Networking: The Right Way
I know the word “networking” terrifies us but it is a vital part of finding a job, especially in today’s job market. Whether you have done some networking already, think you know how, or are totally avoiding it, it is important to know how to network correctly. You must be able to answer your 5 W’s before you can begin. Fellow career guidance blog, Culpwrit, recently posted “Avoid Naive Networking: Make it Count” based on advice from University of Texas, Austin’s Acton Foundation. Here are the main networking tips that were mentioned:
1. Do your personal soul searching and find out what industry you want to work in.
2. Be clear about what you want.
3. Always put yourself in the other person’s shoes.
4. Make it easy on them and don’t waste their time.
5. Don’t overly bother.
6. Start at the bottom of the todum pole and work your way up.
7. Always be prepared.
8. Send a list of questions in advance.
9. Ask meaningful questions.
10. Be unique.
11. Always be nice/impress the gatekeepers too
12. Follow-up with a thank you.
Dress That ‘Will Not’ Impress
This past summer, I interned at QVC in their Studio Park headquarters in West Chester, PA. While working in their internal communications department, I had the fabulous opportunity to meet TLC‘s “What Not to Wear” co-host Clinton Kelly when he was premiering his new clothing line with Denim & Co. He not only was friendly and easily approachable, he looked poised and professional just by the way he was dressed. With Clinton in mind, I wanted to tell you “what not to wear to an interview.”
Whether you are interviewing for a job or graduate school, you need to dress professionally and appropriate. Here are a few of the biggest “no no’s” in appearance you need to know about before you step foot in your interview:
1) Wearing a low-cut top or a short mini-skirt: Showing off some skin is not a good thing. You should have a long-sleeve collared or scoop neck shirt on that does not reveal your chest area, underneath a suit jacket. You should wear long trousers instead of a skirt, but if you choose to wear one make sure the skirt at least falls to the top of your calves. Make sure the skirt is not too tight, and that it isn’t going to ride up when you walk and sit. You will be sitting during most of the interview so it’s not going to impress the employer if your skirt rides up mid-thigh while you’re sitting in your chair. Your best option is to wear a black, grey, or navy suit that is altered to fit you correctly.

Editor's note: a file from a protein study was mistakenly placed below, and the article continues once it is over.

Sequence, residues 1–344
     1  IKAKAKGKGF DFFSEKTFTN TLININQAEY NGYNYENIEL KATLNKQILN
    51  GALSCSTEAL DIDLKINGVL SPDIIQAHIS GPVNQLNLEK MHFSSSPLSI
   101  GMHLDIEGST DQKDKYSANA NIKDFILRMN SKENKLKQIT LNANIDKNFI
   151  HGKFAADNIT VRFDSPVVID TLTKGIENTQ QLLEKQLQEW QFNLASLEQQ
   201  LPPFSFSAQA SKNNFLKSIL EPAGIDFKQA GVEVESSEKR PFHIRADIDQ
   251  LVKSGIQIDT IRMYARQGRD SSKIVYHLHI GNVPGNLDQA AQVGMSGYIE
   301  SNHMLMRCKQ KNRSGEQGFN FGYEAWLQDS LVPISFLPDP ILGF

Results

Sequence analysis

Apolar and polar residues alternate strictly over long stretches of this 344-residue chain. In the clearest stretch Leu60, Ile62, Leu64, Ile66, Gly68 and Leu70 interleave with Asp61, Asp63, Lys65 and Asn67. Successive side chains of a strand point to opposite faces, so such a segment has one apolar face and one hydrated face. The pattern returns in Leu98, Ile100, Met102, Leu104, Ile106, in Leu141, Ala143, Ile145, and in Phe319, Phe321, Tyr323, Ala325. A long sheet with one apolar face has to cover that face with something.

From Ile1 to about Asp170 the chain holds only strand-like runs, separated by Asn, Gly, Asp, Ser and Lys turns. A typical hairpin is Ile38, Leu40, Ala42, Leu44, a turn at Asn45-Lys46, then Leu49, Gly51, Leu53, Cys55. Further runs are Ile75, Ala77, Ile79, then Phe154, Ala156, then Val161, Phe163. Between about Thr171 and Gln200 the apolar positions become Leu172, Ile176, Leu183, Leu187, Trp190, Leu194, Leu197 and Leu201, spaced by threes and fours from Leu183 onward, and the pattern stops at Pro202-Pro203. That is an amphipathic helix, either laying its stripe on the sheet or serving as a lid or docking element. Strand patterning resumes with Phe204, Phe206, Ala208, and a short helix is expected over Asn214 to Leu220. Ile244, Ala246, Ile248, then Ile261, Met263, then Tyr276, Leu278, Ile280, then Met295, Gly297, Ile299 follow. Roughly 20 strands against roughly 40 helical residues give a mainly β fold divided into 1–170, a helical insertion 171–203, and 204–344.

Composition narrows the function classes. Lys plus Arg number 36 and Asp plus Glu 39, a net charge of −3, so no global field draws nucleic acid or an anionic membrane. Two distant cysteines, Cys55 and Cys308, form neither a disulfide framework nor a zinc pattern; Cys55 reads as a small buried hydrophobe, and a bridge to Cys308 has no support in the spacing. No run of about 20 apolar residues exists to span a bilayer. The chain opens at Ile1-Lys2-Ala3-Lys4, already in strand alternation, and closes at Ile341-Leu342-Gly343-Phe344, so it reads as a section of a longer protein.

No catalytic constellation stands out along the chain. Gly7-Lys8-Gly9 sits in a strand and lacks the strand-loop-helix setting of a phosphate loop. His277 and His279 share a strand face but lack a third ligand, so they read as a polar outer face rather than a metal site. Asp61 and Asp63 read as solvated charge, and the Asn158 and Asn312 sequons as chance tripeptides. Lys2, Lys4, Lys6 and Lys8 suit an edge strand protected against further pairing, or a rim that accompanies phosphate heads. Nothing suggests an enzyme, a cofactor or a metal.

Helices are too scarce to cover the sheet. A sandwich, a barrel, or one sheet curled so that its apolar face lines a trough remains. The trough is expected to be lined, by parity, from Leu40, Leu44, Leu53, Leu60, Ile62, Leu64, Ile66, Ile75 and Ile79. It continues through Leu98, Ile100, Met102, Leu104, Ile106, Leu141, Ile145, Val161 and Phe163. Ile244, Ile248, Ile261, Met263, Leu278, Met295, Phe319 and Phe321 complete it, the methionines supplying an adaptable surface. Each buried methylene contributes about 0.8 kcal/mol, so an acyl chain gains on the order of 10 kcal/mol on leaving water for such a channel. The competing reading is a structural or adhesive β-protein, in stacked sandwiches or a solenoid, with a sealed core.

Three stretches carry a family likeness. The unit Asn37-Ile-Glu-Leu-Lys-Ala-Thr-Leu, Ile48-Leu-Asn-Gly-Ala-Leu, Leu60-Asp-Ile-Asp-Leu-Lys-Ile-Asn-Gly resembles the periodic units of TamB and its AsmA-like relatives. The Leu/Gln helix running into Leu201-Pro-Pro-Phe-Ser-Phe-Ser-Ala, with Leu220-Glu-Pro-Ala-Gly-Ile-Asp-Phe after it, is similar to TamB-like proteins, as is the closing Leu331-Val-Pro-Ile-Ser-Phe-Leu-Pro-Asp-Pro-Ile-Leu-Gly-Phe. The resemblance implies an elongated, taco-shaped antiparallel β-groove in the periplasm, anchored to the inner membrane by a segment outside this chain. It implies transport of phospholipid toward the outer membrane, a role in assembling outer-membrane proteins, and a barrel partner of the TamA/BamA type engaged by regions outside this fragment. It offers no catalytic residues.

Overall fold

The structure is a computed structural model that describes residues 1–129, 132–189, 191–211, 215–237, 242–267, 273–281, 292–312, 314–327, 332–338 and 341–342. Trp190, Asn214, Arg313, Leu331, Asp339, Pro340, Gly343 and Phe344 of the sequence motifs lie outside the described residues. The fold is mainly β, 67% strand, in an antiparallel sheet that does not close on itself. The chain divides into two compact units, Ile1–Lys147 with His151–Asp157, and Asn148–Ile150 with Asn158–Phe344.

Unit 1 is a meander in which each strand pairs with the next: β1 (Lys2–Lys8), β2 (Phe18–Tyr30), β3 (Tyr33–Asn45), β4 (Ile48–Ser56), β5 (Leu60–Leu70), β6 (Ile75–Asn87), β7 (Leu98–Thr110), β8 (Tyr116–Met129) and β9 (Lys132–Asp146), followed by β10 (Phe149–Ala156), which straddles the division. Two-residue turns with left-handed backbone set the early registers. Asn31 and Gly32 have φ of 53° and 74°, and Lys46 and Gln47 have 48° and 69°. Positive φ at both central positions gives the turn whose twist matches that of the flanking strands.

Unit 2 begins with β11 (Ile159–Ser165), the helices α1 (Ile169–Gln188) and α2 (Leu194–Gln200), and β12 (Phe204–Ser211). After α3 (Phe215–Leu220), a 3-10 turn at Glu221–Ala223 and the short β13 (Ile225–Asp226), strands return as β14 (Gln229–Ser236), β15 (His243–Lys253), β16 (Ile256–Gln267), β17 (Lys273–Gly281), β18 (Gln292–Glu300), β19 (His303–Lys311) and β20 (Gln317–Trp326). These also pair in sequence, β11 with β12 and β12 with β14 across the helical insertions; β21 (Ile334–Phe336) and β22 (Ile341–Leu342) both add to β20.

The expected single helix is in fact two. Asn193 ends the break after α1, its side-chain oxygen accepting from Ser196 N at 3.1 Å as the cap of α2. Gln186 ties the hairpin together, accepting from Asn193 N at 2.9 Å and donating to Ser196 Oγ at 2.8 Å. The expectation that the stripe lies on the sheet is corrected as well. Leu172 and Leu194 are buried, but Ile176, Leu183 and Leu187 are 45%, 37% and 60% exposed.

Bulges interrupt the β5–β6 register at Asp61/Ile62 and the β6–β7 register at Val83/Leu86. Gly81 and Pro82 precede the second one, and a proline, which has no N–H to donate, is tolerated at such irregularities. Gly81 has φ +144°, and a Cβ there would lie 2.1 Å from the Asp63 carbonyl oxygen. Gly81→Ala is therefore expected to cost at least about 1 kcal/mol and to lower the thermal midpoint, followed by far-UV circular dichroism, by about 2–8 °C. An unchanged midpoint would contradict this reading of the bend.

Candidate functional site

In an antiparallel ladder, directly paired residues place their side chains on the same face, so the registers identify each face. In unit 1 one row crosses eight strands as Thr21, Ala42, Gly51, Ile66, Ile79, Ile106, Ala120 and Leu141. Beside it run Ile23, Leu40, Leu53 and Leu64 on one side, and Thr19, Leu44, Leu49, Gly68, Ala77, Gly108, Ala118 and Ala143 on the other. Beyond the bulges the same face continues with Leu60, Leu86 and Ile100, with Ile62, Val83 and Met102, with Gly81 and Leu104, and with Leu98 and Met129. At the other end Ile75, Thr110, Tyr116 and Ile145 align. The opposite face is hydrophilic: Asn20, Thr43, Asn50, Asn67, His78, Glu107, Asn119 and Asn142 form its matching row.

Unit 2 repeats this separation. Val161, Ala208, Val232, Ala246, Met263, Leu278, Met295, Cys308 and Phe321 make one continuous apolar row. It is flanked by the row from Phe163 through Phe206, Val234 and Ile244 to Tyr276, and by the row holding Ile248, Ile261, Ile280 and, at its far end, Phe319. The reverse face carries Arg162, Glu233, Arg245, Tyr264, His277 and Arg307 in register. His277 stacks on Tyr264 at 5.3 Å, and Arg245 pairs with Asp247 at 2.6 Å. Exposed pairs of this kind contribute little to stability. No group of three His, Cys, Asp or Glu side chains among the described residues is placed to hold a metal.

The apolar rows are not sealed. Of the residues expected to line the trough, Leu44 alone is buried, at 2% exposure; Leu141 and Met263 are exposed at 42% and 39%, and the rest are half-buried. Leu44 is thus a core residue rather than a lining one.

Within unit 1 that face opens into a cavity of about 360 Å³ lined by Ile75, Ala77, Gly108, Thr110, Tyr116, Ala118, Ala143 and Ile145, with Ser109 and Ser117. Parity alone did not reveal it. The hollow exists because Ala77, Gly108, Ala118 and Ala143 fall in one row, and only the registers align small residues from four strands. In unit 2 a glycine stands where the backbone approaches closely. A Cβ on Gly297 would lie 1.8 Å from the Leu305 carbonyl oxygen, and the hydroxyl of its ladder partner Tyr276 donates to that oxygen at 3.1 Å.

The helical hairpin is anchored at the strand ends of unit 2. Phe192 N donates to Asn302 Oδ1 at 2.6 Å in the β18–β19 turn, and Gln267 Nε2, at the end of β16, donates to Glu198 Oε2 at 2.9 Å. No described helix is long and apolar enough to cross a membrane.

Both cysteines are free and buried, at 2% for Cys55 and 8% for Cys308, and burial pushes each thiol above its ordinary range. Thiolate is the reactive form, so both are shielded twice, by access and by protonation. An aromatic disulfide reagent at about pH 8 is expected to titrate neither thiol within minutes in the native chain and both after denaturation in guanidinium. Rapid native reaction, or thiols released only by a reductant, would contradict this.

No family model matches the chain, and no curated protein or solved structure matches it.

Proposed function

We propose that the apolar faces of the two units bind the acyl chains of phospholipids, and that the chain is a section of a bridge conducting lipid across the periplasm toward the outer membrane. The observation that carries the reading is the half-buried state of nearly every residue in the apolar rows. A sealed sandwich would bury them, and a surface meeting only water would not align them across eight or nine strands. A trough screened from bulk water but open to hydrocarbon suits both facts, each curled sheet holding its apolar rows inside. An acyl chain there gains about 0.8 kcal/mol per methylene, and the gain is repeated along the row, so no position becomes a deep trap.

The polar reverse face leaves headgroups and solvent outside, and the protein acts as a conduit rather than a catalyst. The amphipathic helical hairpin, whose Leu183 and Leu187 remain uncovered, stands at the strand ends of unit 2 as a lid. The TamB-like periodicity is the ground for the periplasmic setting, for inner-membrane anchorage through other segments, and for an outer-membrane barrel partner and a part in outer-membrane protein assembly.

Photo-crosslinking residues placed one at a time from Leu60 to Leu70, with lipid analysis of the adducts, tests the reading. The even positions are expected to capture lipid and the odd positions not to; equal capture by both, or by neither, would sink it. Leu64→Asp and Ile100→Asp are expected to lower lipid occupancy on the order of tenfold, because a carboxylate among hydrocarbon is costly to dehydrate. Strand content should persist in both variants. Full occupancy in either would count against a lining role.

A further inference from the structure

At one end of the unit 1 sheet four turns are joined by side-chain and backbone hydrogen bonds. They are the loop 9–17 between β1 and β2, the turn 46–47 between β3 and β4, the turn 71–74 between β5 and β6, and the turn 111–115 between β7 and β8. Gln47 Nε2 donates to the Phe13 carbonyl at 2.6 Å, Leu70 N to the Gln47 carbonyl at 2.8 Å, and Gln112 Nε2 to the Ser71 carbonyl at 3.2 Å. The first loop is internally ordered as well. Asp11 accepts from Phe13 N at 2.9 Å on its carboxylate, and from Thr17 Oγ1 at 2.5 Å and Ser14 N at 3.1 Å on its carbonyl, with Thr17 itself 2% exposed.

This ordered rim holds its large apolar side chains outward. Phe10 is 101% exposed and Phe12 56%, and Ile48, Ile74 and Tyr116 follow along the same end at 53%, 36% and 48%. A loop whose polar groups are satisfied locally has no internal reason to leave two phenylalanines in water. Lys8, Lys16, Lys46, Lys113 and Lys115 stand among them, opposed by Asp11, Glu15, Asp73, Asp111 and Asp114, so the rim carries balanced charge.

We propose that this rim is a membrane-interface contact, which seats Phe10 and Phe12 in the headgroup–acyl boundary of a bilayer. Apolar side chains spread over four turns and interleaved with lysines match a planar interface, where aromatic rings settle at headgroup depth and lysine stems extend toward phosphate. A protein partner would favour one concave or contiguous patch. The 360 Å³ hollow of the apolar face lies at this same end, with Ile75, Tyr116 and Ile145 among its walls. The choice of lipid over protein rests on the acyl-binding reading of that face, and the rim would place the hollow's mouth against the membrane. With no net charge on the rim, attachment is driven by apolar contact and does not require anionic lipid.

2) Too much makeup and jewelry: The employer is not going to take you seriously if you have a ring on each finger, big hoop earrings in each of your 4 piercings in your ears, and bright blue eye shadow all around your eyes. The rule of thumb with the jewelry is one ring on each hand, one set of simple earrings, and avoid any bold, outspoken necklaces. With your make-up, keep it natural. Don’t wear bright colored eye shadows and wear lots of heavy black mascara. Also make sure your fingernails are clean and neat, not too long, no chipped polish, and no bright neon polish colors.
3) Wearing beat-up old flip-flops or a pair of fancy lace up high heels: You walk in wearing a sleek, black pants suit with a collared white long-sleeved shirt and a pair of flip-flops. You just ruined your entire ensemble. Your best bet, stick to a simple black heel that isn’t too high and is closed-toed. Avoid any open-toed fancy stilettos you can’t even walk in, any kind of flip-flops, or any casual shoe like a sneaker or boot.